Bogus or real, some color runs make a fortune for their organizers: Internet Scambusters #672
Funds and fun get together in color runs -- 5-mile events in which runners get daubed in dyes and paints while raising money for charity.
At least, that's the theory. But the truth is that some runs are fakes and never happen, while others donate only a fraction of the proceeds to charity.
This week, we'll tell you how to check out these events, and we've a warning about a sudden surge in a well-known coercion scam.
Let's get started...
Sprint Away from these Fake Color Runs
Whenever you have to pay an entry fee for an event, you always need to feel sure you're getting what you pay for.
That goes for concert tickets offered by scalpers, beautiful baby photo competitions, poetry competitions and, most recently, color runs or fun runs.
There's always someone willing to charge you for something that's not quite what it seems.
Color runs are usually 5-mile or 5-kilometer events in which onlookers shower runners with colored powder or paint. It's inspired by the Holi Festival that takes place each year in India.
Sometimes, runners take part just for the fun of it. Other times, they aim to raise money for charity or, more likely, the race organizers donate some or part of the entry fee to a good cause.
But that's not what has always been happening recently.
Across the U.S. -- and in some other countries in Europe and South America -- runners have been hoodwinked into paying entry fees for events that simply didn't exist.
In other cases, color runs were cancelled at short notice and participants had difficulty getting their money back.
Many of these events are promoted online, with entry fees of $40 to $50. But quick checks with local police and government departments, who would have to be informed and issue permits for such events, show they know nothing about them.
These are out and out fakes. But other times, events that do have permits are cancelled on short notice and entrants find there's a "no refund" clause in the terms and conditions for the run.
Or they may be rescheduled in a different location some distance away from the original venue.
In yet other cases, the runs do actually take place but most or all of the money collected never finds its way to the charities the event is supposed to be supporting.
For example, a journalist investigating a color run in Alaska claimed that a meager contribution of only about $8,000 was earmarked for a designated charity, out of a total profit of $300,000 -- and that was after the charity supplied 250 volunteers to help organize and manage the event!
And in California, a survey of 35 runners by the Sacramento Bee newspaper found that only two knew the event was actually a for-profit run and that only a tiny fraction of the proceeds would go to charity.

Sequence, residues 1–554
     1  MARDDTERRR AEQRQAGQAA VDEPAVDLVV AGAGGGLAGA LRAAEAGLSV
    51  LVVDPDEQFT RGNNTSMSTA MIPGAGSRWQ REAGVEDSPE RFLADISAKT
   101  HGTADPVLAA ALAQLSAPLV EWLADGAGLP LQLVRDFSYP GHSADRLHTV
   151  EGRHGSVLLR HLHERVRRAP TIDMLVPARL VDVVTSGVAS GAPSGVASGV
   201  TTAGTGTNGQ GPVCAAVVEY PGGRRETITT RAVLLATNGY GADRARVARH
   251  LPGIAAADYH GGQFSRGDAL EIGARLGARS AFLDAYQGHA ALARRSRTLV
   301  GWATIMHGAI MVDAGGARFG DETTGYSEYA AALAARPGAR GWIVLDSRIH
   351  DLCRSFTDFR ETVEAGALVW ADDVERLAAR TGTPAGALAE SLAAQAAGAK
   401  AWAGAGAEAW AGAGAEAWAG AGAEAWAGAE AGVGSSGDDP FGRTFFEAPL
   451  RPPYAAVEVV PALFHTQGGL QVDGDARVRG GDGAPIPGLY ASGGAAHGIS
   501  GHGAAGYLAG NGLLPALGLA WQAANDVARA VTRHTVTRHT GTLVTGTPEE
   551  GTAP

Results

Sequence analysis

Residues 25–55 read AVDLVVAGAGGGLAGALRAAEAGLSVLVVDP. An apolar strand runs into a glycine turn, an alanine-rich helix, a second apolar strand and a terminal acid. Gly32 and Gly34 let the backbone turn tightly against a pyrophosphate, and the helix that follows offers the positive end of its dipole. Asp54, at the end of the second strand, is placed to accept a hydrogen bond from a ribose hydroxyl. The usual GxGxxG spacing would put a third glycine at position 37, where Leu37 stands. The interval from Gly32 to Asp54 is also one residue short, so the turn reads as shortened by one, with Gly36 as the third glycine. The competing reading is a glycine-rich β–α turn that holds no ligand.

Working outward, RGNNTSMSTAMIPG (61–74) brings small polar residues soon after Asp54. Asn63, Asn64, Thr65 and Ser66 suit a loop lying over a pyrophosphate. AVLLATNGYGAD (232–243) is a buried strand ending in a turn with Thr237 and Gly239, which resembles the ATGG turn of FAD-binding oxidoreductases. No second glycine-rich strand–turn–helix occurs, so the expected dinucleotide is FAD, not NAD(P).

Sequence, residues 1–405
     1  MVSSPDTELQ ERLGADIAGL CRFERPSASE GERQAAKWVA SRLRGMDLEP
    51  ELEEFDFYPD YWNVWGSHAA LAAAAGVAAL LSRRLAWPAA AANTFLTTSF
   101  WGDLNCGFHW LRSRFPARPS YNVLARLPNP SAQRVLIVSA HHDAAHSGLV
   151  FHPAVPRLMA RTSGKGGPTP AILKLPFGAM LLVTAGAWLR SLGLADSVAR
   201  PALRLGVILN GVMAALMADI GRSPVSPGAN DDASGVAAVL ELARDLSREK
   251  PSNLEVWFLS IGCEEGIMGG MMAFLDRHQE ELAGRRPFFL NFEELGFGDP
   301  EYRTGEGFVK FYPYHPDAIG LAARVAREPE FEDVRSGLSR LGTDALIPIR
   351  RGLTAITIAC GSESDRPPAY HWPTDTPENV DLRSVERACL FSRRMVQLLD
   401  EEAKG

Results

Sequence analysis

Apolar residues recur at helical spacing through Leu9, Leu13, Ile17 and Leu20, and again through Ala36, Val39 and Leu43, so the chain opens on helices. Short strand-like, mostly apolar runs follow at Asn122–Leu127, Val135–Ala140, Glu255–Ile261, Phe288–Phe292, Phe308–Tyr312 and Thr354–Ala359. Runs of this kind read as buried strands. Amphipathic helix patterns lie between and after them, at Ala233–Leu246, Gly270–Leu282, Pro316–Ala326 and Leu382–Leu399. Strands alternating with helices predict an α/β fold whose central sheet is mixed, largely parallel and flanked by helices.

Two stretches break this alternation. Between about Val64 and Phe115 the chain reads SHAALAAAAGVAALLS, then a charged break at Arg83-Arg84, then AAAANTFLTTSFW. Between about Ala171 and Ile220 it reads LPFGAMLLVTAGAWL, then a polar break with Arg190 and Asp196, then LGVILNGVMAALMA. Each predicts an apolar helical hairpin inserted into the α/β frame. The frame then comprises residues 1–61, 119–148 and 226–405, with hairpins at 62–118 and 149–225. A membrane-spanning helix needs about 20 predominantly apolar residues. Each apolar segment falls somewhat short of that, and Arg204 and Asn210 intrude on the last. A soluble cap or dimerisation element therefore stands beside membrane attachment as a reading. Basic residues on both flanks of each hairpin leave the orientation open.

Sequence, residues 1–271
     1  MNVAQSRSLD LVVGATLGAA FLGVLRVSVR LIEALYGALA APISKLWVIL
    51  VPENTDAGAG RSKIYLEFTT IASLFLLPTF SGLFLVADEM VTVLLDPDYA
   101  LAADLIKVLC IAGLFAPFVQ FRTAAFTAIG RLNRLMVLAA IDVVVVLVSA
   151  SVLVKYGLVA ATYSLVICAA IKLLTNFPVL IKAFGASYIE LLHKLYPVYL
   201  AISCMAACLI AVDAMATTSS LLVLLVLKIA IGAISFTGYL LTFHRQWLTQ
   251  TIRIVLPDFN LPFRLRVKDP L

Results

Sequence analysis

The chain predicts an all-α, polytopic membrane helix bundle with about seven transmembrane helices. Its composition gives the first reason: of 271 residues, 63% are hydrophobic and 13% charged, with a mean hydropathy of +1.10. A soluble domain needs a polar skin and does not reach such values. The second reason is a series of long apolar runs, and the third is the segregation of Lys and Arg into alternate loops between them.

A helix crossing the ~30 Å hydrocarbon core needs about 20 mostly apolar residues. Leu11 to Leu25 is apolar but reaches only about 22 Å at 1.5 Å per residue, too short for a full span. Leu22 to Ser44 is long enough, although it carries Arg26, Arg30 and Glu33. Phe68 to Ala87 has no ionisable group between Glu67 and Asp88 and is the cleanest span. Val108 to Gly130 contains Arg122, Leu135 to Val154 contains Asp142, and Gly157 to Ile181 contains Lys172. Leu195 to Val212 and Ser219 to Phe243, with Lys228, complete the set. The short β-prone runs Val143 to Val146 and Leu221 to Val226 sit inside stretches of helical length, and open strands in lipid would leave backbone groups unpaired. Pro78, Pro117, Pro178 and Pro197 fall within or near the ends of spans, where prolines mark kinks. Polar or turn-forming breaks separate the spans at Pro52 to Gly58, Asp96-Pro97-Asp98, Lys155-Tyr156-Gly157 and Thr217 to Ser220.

One of the organizers of this particular event said that, in fact, most color runs are organized for profit.
Of course, that's not illegal or even a scam if the organizers are upfront about where the money goes, but often the truth is buried in the small print or not mentioned at all.
According to the digital open-platform magazine The Blot, color runs net an average $300,000 to $500,000.
"Race attendees should be aware that not all of their registration money is going towards the charities they are being exposed to while at the race but merely a non-disclosed portion of it," the magazine said.
"From a business standpoint, getting paid for other people to run 5k seems like a great deal."
So, the first lesson is that if you're a color runner, go into the event with your eyes open -- literally and figuratively.
If the organizers say or suggest the event is supporting a charity, look for information about the proportion that will be donated, or even ask the organizers.
Contact the charity itself and ask what their "take" will be.
If you don't like it or you can't find out, assume that there's a reason why you're not being told and let your conscience decide if you want to participate.
Here are a few more tips on how to avoid being tricked into paying for scam fun runs.
- Do an Internet search on the name of the race organizers to check their reputation. There are one or two well-known scam-run organizations whose names pop up over and over again. Give them a miss.
- Check with your local police department to see if they or relevant local agencies have issued a permit. If they haven't, the event is probably a fake.
- Make sure you read all the terms and conditions and the small print -- looking out for no-refund and other get-out clauses.
- Use a credit card to pay for your entry fee. That doesn't guarantee you'll get your money back if it's a scam but it puts you in a stronger position if you do have to dispute the charge.
A color run is supposed to be a fun run. If you can't be sure it's going to be exactly that, stay on the sidelines and keep your money in your pocket!
Alert of the Week
Law enforcement agencies around the country have been reporting a sudden upsurge in the jury duty scam.
A scammer posing either as a police officer or court official phones victims telling them they missed jury duty and failed to respond to several notifications.
They threaten imprisonment unless the victim pays a fine, usually via a money wiring service.
Courts don't operate this way so you can safely ignore this blatant scam -- but if you're worried, just get in touch with your local police department.
Please pass on this warning to others.
That's all for today -- we'll see you next week.